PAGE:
IPGP 110 Theory of Art

Taught in Paros Island, Greece. This course aims to expose students to the ideas and beliefs of other artists in order to help clarify their sense of what it means to be an artist today, and to further enlighten the daily work done in the studio by enabling students to develop their own critical and theoretical points of view. Students will learn to sharpen the verbal, analytical, and presentation skills needed to present one’s ideas and work and/or pursue a concurrent career in museum or gallery work, writing criticism, collecting or cataloguing artworks, or teaching art history. Methods used will include a teacher/student collaborative investigation into why different artists structure their vision the way they do, and an in-depth exploration of artists’ perceptions of their own work, through autobiographical writings, films, and music. Discussion sessions will also center on the personal themes and beliefs that each student feels are central to their own art. (Offered every semester.) 3 credits.

IPGP 111 Art Workshop: Painting

Taught in Paros Island, Greece. This course aims to further the understanding of painting by studying such elements as light, color, composition, and texture. There will be expanded practice in the basic concepts of painting, exploring it through a variety of approaches, media, processes, and experimentation. The class will develop the student’s understanding of developing a painting both physically as well as conceptually. The student will be exposed to different genres of the vocabulary of painting, from the traditional objective through the non-objective. Class trips to museums, islands, villages will help students learn not only about past Greek art, but also will become a way to learn about contemporary Greek life, art, music, and passion for life. The teacher will help students channel these new experiences into inspired and searching paintings. (Offered every semester.) 3 credits.

IPGP 112 Digital Imaging: Beginner

Taught in Paros Island, Greece. For the student who has conventional photography experience, this course is intended as a solid grounding in digital imaging techniques, but aims as well to move forward students who have some acquaintance with artistic digital photography. General procedures related to new technology and equipment including digital photography and digital manipulations, Photoshop and video editing software basics, input and output options will be covered. Students will also become familiar with how to learn new techniques as they emerge for a self-motivated ability to find and use the techniques relevant to their work. Students will manipulate their images and explore the technical illusions of movement and animation. The course will provide a background for contemporary thought about digital images. It includes a survey of current artists working with digital technologies and a discussion of these practices in terms of conceptual questions of documentation, reproduction, what is “live”, self-expression, and theories of objectivity. The current parameters of digital practice will be questioned and students will examine its potential integration into other media. Participants will also question how digital technology might alter perception in terms of simultaneity, continuity, speed of attention, and ideas of truth. It is recommended that the Theories of Art Class at HISA be attended in conjunction with the class. (Offered every semester.) 3 credits.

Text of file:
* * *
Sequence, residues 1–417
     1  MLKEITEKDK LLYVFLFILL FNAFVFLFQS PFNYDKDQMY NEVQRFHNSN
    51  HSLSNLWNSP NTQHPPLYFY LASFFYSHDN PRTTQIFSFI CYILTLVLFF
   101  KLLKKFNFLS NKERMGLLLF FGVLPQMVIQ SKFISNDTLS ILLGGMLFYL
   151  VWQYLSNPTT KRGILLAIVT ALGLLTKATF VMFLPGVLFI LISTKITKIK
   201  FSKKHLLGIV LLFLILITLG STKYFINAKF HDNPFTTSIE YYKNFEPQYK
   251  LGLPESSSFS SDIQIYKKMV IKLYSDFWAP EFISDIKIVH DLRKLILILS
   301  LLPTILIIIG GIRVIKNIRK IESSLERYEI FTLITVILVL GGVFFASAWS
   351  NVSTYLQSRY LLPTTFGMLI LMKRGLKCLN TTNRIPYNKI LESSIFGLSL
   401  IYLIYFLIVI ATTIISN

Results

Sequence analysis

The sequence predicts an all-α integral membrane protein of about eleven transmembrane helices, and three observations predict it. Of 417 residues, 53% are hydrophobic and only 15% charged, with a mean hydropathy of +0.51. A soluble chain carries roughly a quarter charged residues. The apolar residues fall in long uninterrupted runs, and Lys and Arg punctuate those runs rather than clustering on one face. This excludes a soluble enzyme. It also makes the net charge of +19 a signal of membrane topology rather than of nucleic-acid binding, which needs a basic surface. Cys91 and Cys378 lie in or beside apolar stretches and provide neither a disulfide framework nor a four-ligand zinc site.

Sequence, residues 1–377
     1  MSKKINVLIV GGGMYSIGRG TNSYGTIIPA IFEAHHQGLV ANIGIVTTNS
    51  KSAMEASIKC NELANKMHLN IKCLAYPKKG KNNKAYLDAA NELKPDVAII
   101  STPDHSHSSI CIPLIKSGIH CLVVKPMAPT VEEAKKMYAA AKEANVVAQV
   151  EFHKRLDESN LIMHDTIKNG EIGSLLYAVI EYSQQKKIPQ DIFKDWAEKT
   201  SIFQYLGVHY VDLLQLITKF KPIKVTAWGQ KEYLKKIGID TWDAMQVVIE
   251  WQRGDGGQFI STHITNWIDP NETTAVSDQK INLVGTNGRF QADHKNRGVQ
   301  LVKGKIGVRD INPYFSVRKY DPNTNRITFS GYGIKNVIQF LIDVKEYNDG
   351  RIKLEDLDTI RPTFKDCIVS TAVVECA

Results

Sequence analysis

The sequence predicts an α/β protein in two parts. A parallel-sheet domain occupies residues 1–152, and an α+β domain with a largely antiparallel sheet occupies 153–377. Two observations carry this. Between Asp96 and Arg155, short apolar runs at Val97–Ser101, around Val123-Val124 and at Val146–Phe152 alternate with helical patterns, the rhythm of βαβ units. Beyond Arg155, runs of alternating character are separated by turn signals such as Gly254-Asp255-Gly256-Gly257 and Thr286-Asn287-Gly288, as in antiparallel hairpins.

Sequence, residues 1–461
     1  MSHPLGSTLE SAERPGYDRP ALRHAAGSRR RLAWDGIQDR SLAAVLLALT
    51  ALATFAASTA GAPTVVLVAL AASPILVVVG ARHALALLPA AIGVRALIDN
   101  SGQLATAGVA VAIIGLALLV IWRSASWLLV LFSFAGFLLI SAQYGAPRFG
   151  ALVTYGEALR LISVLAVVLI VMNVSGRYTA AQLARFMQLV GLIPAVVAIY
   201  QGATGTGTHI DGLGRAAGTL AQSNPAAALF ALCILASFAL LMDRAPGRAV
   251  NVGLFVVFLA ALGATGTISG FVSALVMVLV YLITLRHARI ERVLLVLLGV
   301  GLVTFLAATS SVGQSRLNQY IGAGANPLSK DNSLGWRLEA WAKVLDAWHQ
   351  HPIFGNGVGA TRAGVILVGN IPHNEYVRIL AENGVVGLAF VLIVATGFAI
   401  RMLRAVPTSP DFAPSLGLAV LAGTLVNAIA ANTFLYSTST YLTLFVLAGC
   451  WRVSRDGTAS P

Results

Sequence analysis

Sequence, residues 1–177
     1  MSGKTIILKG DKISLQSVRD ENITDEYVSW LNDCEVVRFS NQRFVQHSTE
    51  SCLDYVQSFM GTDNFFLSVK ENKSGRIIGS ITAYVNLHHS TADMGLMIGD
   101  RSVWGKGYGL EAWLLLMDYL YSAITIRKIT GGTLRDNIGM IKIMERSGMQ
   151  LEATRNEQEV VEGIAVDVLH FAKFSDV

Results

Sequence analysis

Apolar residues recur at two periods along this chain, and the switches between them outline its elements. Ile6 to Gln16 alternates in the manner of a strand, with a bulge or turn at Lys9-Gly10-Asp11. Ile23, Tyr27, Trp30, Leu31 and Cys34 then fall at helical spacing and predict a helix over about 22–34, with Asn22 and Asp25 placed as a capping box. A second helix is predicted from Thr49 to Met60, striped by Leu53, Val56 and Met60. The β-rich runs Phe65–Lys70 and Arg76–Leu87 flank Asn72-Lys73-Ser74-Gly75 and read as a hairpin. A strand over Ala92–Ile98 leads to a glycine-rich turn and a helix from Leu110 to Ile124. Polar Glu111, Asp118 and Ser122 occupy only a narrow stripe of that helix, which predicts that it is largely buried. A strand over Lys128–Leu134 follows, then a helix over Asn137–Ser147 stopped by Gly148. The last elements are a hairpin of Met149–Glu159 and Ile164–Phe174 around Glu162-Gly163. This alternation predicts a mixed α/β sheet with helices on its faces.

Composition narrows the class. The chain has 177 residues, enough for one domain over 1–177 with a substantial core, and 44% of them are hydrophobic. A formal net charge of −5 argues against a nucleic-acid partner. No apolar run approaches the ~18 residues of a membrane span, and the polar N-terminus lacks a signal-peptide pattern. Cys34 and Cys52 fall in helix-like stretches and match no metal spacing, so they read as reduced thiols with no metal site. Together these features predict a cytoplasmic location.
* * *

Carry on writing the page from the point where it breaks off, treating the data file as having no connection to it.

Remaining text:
IPGP 113 Black and White Photography

Taught in Paros Island, Greece. This course is designed to provide students with the opportunity for exploration into the world and people around us as well as our perceptions. Intensive course work will assist students in developing technical abilities in exposing negatives and making technically perfect prints, creating a professional portfolio, and mastering the language of photography. In addition, the unique cultural exploratory components of this course will enable students to personalize his/her vision and mode of expression, develop and enhance visual thinking, and provide photographic interaction with Greece and Greek culture: historical and present-day. (Offered every semester.) 3 credits.